scientific books and it became a passion.
For years after this, Georges welcomed people from all over the area and
whole school buses, happy to show them the meteorite and talk about the
NASA contacted him wanting to acquire it. Collectors made generous
propositions but Georges preferred to keep his treasure fallen from the
sky wanting only to share it with everyone, big and small. And
scientists and enthusiastic amateurs from all over the world, Americans,
Europeans, Japanese,…..kept on coming to the farm “La Gravette” to
admire his meteorite.
Georges never married or had children; the meteorite was his unique
passion and he found great joy in telling its story.
and the meteorite, circa 1972
(Photo published by “L’Eclat Midi-Pyrenees”, now defunct)
1980s, the project of mining for uranium in the area seemed to be about
to become a reality and then Treville would be surrounded by quarries.
The mayor alerted the press and the television stations to tell them
about all those grand projects; between the uranium and the meteorite,
Treville and its inhabitants were suddenly in the spotlight.
But the years went on peacefully, Michel and Georges moved to another
farm, “Plaisance”. Then, before moving to a retirement home, Georges
offered his meteorite to his nephew also named Georges. And that is when
To better understand that trouble, it is important to make a few points
At the time of the discovery, the field belonged to Madame Gil then to
her daughter who married a Monsieur Gras; that couple was perfectly
happy to see Georges (the uncle) enjoy his meteorite, they did not want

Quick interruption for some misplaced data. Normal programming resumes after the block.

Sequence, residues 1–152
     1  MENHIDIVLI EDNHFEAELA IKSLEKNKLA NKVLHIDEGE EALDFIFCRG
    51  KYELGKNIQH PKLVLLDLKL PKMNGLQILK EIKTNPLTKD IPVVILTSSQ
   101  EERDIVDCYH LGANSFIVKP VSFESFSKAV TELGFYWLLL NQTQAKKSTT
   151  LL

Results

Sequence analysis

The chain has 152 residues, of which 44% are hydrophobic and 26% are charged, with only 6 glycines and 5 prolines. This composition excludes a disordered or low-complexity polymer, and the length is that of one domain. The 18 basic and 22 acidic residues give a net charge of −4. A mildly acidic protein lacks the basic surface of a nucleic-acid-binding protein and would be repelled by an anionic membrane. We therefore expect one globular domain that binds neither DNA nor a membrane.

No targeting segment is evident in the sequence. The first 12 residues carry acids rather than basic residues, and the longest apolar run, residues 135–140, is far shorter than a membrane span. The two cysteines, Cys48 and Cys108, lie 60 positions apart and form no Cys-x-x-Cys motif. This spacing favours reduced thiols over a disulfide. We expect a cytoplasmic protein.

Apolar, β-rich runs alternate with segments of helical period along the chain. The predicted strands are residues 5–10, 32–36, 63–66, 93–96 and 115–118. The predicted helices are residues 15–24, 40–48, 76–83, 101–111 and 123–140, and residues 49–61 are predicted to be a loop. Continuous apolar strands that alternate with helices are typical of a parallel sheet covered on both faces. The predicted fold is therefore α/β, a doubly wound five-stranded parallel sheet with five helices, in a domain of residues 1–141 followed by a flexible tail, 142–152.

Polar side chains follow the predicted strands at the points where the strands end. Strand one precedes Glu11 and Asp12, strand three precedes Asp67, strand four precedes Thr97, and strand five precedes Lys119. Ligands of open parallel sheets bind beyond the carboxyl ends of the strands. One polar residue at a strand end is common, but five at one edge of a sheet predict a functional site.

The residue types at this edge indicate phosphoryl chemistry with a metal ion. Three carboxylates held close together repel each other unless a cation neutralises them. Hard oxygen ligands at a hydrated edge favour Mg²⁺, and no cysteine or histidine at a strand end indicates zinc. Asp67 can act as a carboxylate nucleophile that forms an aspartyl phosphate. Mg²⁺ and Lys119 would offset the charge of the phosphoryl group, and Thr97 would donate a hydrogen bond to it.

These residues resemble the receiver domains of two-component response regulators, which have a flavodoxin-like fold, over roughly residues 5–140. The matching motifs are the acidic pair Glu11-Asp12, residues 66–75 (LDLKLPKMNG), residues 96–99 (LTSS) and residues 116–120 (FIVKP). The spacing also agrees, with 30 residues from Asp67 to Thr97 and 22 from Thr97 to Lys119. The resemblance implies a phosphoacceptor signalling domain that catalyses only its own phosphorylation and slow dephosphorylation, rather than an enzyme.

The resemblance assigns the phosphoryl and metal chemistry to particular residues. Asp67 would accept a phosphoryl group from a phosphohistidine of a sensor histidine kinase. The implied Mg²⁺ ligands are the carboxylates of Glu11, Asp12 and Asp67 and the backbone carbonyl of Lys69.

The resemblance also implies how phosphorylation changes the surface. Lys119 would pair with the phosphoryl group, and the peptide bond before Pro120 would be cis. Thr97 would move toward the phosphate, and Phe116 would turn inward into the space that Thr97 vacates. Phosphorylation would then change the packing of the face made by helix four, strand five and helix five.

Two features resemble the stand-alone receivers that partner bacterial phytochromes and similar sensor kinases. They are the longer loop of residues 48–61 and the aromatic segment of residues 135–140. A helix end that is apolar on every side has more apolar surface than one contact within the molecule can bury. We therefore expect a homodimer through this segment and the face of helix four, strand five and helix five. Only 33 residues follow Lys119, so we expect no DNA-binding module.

it and they never wanted to cause any problems to anyone. Many years
later their son Claude (Gras) decide that he wanted to sue the
Krivobokows to get the meteorite back but his mother was firmly opposed
to the idea. When his mother died, Claude Gras demanded that his father
sue the Krivobokows to get the meteorite back but the father refused to
go against the wishes of his deceased wife. Claude Gras had to wait
until the death of his own father to start any legal proceedings. He
then demanded that the inhabitants of the village sign documents stating
that they had seen the meteorite in the farm “La Gravette”; he hired a
private detective to carry his own investigation and a geologist to get
GPS readings of the area then he gathered a mass of documents. It
included a letter from the Museum of Natural History in Paris wanting to
acquire it and forbidding its exportation.
The case between Claude Gras and Georges Krivobokow (the nephew) was
heard in court several times after 2000, first in Carcassonne then
Montpellier and finally in Paris. Claude Gras lost every single time,
all the way to the highest Court of Appeals because of the “Loi du
Trentenaire” that only gave him 30 years to make a claim; the meteorite
was discovered in 1966, therefore it had become the official property of
the discoverer, Michel Krivobokow, in 1996.
Michel Krivobokow and
(Photo courtesy of Jean-Luc Billard)
During my investigation, I learned that the meteorite has disappeared:
not long before his death in 1999, Georges (the uncle) apparently went
back to his nephew, retrieved the meteorite and hid it so well that to
this day no one knows where it is.
I would like to thank the inhabitants of Treville who helped me
reconstruct the history of this meteorite, Jean-Luc Billard for his
active participation in this research and William Sanchez for his
advices at the beginning of the research.
Small part-slice of
From the Collection of Alain Carion
(Photo courtesy of Anne Black)
article has been edited by Anne Black and Norbert Classen.